5 Things Every Teacher Should Know About Diabetes


Teachers: givers of knowledge, confidence, and advice.

Teachers play a huge role in your kids’ lives. They are the role models at school, the all-knowing question answerers, the keepers of the hall passes. Your kids depend on them to tell them what they need to know, and you as parents depend on them to keep your kids safe at school.

Each new school year often means new teachers…and for you, that means another explanation of your child’s diabetes and how it should be handled in the classroom. Start the school year off right by giving them a few basic pointers, and help them remain the well-informed mentors your kids have come to trust.

5 Things Every Teacher Should Know About Diabetes:

1.  Most kids with diabetes don’t want to be different, and they don’t want to be treated differently.

2.  It is very unlikely that they will pretend to feel high or low to get out of the classroom. Take them seriously, and never deny the child’s request for water or a blood sugar test.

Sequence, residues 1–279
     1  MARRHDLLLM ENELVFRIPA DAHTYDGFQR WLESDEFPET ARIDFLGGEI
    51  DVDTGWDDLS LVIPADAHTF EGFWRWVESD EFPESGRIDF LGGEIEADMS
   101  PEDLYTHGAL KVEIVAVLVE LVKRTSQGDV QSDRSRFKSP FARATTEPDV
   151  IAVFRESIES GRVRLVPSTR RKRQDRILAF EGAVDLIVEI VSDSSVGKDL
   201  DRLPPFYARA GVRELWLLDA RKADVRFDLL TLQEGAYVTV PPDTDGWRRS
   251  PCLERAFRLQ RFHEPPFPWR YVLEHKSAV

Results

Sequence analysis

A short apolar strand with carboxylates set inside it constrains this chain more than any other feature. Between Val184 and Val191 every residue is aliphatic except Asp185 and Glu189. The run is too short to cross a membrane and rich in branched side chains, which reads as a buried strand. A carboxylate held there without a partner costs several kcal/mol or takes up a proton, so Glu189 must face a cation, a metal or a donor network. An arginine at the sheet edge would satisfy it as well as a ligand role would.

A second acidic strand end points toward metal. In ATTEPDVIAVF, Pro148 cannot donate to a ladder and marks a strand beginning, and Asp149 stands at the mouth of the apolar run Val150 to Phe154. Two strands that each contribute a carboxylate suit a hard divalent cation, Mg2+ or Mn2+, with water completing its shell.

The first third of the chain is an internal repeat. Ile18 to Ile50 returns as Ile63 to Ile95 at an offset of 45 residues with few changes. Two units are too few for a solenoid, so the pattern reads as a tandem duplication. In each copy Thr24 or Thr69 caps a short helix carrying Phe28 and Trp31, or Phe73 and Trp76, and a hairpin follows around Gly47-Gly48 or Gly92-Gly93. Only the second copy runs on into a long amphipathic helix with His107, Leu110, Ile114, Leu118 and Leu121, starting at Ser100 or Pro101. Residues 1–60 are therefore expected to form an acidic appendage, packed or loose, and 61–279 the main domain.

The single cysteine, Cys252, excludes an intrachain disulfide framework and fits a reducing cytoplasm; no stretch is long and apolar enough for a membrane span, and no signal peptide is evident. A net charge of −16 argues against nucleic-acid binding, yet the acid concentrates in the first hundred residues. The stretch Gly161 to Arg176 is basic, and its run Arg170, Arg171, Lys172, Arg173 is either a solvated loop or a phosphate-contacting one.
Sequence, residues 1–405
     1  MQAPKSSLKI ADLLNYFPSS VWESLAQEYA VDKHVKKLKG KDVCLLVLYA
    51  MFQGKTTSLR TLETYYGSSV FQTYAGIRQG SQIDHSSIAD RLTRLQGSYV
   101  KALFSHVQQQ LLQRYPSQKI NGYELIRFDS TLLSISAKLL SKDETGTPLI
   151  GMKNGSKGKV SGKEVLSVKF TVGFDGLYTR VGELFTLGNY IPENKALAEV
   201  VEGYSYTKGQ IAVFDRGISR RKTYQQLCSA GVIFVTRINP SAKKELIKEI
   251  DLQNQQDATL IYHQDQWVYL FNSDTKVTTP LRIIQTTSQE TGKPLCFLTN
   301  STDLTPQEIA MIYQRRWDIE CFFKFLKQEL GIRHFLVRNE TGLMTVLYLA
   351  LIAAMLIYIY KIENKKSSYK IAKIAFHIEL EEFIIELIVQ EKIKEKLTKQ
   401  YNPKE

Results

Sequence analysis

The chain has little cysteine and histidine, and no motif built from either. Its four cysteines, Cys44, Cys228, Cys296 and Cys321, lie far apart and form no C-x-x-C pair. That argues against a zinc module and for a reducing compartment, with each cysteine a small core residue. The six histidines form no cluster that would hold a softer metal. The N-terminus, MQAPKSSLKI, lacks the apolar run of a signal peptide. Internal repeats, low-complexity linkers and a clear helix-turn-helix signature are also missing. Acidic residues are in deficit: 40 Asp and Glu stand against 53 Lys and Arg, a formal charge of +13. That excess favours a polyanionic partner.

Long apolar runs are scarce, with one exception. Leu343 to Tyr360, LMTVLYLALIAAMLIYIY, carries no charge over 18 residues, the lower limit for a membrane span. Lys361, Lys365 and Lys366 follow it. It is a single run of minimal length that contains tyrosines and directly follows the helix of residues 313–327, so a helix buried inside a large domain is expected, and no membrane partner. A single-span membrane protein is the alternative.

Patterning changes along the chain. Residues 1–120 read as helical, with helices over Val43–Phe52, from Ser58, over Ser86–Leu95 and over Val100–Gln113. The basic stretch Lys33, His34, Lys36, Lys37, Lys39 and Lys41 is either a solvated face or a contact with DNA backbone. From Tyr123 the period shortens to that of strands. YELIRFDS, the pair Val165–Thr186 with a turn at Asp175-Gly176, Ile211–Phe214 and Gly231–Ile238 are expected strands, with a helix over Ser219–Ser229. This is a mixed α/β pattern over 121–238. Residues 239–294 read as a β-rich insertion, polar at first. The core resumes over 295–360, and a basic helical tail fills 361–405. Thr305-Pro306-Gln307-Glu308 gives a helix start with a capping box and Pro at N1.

3.  Kids who inject insulin may need a little extra time before lunch to accommodate their injection.

4.  Kids with diabetes must be able to check their blood sugar levels. If the child has low blood sugar, he or she must have access to glucose. If he or she has high blood sugar, the child must be given access to water and the restroom.

5.  Children with diabetes must have access to emergency glucose in case of hypoglycemia. If a doctor prescribes snacks for a child with diabetes, they must be allowed to eat. Coaches and gym teachers may need to keep glucose tablets on hand in case of hypoglycemia.

The best thing parents can do is take preventative measures to keep their children safe at school.